The Sheikh's Virgin(Desert Rogues, Book 13)(50) by Susan Mallery
“No!” Victoria said loudly. “No. He can’t fight to the death. What if he’s defeated?” Kateb dead? She wouldn’t be able to stand it. “There has to be something we can do.”
“There isn’t. Tradition demands the fight.”
Victoria couldn’t breathe. “Who’s challenging? What if he’s some gladiator guy who’s been practicing for years.” She fought against tears. “We have to stop it.”
“We can’t. If Kateb refuses the challenge, the other man wins. Worse, Kateb is shamed and branded a coward.” Yusra patted her arm. “He is a worthy fighter.”
“And when was the last time he fought to the death with broadswords? Not lately, I’m guessing. What is wrong with you people? Can’t you just hold an election like everyone else?”
“If Kateb survives, you can talk to him about changing the laws.”
“Assuming he survives.” Panic swirled inside of her. “What can we do?”
“I can’t stand this,” Victoria told her. “What if the other guy gets in a lucky shot and wounds him? Then he kills him and it’s not right.” Kateb couldn’t die.
“What?” Victoria demanded. “What are you thinking?”
“If either man is injured, another can take his place. A sacrifice.”
Nothing was making sense. “What are you saying?”
“If Kateb were injured, the challenger would kill him unless someone else stepped in. The sacrifice then fights in Kateb’s place.”
“Or dies,” Victoria whispered.
“Yes. The fight only ends with death.” She drew in a breath. “We worry too much. Kateb is strong and skilled. He will prevail.”
But what if he didn’t? Victoria couldn’t stop thinking about him lying in the dirt, bleeding to death. That wasn’t what she wanted for him.
They would have to find someone to take Kateb’s place if he were injured. But who would be willing to die for him? And even if someone were, how could she ask one man to give up his life so someone she loved could go on living?
“I really liked living here right up until now,” she said. “I swear, if he comes out of this alive, I’m making sure the law changes. I don’t care what it takes.” Her stomach clenched with a cramp reminding her she didn’t have much time to make that happen.
The elders’ chamber was in an uproar. Everyone spoke at once. Kateb listened to the sea of voices and disregarded the words. They weren’t important. What mattered was defeating the challenge.
“This is most unexpected,” Zayd said. “He waited until nearly the last day.”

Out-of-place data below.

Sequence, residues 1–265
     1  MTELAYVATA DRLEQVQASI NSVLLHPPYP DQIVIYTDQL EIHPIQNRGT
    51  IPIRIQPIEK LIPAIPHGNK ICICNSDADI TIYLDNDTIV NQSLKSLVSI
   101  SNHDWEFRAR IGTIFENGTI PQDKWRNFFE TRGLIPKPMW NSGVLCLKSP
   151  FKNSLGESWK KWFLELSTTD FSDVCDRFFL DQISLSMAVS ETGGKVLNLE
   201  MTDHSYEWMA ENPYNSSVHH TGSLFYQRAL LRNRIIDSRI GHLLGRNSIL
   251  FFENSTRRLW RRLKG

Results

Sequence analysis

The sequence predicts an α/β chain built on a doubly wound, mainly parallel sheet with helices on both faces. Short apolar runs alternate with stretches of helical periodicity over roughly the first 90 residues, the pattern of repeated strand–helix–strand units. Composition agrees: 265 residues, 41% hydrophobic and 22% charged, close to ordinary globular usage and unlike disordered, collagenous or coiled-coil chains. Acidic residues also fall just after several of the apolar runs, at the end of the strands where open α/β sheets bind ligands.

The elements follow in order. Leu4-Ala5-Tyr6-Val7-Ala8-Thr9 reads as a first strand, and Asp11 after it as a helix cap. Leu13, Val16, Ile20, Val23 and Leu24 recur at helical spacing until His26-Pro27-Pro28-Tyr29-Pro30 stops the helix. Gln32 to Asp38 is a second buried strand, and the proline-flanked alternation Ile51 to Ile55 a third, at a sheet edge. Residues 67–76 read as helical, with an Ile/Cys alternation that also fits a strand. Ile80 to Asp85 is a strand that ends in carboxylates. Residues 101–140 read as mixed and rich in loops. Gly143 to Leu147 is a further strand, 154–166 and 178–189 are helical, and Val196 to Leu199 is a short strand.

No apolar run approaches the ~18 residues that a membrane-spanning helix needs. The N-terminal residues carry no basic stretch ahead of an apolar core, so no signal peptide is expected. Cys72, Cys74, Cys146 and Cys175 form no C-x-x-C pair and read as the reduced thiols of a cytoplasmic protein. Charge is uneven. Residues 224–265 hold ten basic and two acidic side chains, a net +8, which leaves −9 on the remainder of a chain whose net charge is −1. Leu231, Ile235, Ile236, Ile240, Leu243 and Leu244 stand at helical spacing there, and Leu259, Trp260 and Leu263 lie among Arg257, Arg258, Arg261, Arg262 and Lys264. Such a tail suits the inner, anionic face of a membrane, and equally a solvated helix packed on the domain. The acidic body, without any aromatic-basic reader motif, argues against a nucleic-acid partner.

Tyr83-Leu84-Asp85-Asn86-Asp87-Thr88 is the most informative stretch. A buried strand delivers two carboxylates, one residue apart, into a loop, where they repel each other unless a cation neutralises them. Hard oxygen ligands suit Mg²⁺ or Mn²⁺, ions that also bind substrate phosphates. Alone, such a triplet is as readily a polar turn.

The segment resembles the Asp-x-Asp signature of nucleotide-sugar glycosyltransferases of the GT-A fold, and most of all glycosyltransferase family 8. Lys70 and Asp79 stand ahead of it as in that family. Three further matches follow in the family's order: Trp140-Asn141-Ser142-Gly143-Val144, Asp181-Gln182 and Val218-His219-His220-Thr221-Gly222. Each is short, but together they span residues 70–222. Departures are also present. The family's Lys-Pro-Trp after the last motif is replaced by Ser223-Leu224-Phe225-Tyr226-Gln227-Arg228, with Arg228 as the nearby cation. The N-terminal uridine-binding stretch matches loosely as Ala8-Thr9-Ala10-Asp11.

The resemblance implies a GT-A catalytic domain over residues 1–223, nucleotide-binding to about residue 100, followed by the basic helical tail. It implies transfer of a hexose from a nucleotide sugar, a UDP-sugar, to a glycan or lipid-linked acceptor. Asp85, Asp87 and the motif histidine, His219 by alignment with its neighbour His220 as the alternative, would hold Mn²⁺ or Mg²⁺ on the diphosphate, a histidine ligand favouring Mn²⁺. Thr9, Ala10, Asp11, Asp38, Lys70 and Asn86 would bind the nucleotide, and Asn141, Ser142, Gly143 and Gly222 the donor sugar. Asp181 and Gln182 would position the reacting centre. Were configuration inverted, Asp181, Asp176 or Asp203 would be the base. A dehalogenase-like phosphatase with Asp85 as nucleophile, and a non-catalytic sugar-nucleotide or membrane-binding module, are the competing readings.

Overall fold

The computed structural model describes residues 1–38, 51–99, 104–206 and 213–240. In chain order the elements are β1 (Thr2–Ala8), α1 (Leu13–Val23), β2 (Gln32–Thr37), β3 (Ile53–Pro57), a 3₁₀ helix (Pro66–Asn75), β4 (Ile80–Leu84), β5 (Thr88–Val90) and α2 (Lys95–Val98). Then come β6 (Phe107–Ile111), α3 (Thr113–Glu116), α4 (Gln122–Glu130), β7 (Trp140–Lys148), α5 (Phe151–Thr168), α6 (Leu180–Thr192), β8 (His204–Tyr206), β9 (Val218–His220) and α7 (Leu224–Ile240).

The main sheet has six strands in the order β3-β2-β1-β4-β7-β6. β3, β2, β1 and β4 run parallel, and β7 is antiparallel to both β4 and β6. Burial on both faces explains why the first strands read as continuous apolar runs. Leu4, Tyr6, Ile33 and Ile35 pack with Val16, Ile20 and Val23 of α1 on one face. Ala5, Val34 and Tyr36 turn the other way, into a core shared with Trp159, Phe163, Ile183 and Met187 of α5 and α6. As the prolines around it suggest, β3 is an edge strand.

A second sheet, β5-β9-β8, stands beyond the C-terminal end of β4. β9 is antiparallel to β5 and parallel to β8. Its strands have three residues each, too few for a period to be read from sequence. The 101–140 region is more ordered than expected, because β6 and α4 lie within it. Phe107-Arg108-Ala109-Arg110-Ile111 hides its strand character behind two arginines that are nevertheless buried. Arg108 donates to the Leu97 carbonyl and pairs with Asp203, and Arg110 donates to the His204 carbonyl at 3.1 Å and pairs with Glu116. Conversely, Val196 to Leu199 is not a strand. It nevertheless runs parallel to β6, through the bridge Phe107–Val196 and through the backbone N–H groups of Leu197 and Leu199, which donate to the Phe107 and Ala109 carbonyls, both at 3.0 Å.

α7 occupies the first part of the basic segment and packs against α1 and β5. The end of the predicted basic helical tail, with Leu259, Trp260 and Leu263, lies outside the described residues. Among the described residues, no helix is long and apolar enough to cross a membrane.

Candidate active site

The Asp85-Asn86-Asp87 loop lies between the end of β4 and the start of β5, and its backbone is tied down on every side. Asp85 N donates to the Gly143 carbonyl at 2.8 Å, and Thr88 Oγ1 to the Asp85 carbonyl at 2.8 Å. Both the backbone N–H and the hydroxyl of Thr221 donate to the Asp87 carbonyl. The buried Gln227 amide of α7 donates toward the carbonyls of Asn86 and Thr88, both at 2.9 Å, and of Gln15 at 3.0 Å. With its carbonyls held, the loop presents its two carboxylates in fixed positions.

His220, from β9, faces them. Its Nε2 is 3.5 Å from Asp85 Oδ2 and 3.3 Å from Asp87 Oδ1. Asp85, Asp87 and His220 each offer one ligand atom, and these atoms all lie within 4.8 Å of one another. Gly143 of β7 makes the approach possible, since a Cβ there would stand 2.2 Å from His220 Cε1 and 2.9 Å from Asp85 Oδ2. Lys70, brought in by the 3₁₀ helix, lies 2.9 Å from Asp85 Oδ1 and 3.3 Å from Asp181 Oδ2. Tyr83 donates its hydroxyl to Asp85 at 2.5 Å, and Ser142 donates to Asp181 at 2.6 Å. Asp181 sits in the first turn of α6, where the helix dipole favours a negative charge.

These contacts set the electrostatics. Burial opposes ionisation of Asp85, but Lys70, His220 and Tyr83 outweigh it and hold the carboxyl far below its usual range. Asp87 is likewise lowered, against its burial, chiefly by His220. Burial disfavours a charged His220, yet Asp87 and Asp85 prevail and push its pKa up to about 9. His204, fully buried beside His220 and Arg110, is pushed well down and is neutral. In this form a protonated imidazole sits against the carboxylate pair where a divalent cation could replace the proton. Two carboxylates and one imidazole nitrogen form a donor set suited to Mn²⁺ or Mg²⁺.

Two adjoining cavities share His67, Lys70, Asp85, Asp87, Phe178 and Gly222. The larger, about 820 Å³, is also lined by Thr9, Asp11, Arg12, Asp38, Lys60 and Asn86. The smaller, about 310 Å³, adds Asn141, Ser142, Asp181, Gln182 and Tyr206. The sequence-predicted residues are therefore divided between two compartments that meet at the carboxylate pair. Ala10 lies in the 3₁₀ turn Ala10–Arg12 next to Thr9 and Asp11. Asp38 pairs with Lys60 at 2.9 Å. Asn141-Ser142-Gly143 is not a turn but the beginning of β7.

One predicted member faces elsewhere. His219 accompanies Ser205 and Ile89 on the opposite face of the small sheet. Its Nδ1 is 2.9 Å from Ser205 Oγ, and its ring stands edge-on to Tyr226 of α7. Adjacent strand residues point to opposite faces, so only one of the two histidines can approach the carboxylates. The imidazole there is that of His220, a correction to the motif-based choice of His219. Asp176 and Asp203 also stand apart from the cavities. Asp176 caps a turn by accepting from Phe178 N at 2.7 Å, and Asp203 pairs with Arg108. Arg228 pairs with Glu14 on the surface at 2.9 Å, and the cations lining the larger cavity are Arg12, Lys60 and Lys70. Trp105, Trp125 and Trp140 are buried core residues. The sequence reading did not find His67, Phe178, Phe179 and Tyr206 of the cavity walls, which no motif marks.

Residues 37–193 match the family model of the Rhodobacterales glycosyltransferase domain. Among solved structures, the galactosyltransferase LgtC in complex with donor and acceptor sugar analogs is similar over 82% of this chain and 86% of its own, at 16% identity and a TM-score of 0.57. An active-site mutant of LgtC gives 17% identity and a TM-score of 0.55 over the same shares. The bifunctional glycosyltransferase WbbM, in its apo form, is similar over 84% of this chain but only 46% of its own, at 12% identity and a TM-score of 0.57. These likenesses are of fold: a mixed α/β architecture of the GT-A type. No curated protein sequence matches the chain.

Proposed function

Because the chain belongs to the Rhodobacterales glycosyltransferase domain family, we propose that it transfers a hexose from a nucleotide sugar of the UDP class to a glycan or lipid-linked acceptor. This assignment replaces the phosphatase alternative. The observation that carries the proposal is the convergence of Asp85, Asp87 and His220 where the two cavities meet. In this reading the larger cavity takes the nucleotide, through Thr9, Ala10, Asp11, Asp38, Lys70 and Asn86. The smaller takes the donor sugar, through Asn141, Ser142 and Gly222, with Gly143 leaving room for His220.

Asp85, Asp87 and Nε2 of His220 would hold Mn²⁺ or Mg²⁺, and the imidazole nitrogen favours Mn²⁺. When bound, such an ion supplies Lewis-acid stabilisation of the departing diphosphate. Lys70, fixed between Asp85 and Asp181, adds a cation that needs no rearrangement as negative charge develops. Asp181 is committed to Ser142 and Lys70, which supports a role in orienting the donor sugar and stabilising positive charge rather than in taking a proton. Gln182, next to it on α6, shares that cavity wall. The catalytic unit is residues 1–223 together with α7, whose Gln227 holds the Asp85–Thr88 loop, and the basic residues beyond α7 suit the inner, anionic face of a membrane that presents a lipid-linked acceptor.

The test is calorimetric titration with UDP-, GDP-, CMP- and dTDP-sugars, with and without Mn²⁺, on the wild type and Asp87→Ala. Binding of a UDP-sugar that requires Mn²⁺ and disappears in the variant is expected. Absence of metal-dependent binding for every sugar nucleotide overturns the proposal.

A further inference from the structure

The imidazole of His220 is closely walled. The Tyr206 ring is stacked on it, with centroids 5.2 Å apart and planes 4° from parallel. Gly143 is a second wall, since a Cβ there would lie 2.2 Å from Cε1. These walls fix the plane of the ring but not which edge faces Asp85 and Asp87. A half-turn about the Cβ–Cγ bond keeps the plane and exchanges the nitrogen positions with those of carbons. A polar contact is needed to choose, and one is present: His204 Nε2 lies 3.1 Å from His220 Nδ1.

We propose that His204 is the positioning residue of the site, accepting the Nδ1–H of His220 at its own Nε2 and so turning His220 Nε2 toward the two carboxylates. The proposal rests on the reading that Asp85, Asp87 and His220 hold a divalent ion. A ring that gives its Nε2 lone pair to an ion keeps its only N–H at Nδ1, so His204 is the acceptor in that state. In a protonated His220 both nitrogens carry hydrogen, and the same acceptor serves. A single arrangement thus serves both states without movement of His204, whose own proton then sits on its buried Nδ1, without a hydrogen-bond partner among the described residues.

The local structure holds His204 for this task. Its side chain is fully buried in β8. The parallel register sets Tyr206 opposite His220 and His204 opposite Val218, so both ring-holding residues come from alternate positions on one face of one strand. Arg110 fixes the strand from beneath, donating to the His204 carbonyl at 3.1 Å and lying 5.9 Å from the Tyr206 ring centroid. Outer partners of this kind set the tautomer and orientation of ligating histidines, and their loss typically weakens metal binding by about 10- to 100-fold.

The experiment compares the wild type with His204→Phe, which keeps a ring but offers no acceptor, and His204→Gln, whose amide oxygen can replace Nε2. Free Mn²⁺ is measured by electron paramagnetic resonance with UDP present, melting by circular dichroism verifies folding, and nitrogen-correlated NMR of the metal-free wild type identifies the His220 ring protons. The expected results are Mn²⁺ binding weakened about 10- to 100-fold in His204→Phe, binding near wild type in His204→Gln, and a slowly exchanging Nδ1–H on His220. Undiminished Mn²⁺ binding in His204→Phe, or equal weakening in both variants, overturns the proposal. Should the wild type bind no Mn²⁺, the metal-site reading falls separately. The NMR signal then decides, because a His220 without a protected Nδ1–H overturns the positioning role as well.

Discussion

“He is a boy,” another man called. “Kateb will defeat him easily.”
Zayd looked at Kateb. “The boy fights for revenge, Kateb fights for what is right. Who is to say how it will end?”
Kateb met the old man’s gaze and understood his point. The challenger had planned this moment for years. There was power in making something happen. There was power in avenging a father.
“I do not take the challenge lightly,” he said. “But there is no question of the outcome.”
The old men nodded. “So it will be,” one of them called.
The door to the chamber burst open and Victoria rushed inside. Kateb couldn’t remember a woman ever entering the room before. The men all stepped back, as if afraid of her. She ignored them and came directly to him.
“What is wrong with you people?” she demanded as she approached. “What’s wrong with something as simple as an election?”
There were tears on her cheeks and worry in her eyes. He forgot that he was angry with her, forgot that he was counting the moments until he could send her away. He held out his arms and she rushed into them, then hugged him as if she would never let him go.
“I won’t let you do this,” she mumbled against his chest. “I’ll tie you up and beat you with a stick until you agree that hiding isn’t such a bad thing.”
She smelled of sun and flowers. Her body was familiar and tempting and he wanted her, as he always did. He kissed the top of her head before saying, “You wouldn’t respect a man who let that happen.”
“I’d get over it.”
“I would not.”
She raised her head and looked at him. “Kateb, you can’t do this.”
“I must. I want to.”
“Fight with broadswords. Do you even know how?”
He smiled. “Yes. I am very skilled.”
“And here I thought I was hot stuff because I can build a Web site. Why is this happening?”
Zayd inched closer. “Perhaps you would like to speak with Victoria alone. Somewhere else.”
She glanced at the older man. “What’s going on?”
“You’ve violated the sanctity of the elders’ chamber. Women aren’t allowed.”
She rolled her eyes.
He chuckled. “Come,” he told her. “We’ll speak of this in the harem.”
Victoria went willingly. She wanted to be alone with Kateb and the elders’ worried glances made her want to slap them all. Probably not the best plan, considering she might have to go to them and beg for Kateb’s life. She was determined to do something to stop the madness—she just had to figure out what.
They walked to the harem. Once they were inside, seated on one of the overstuffed sofas, she turned to him.
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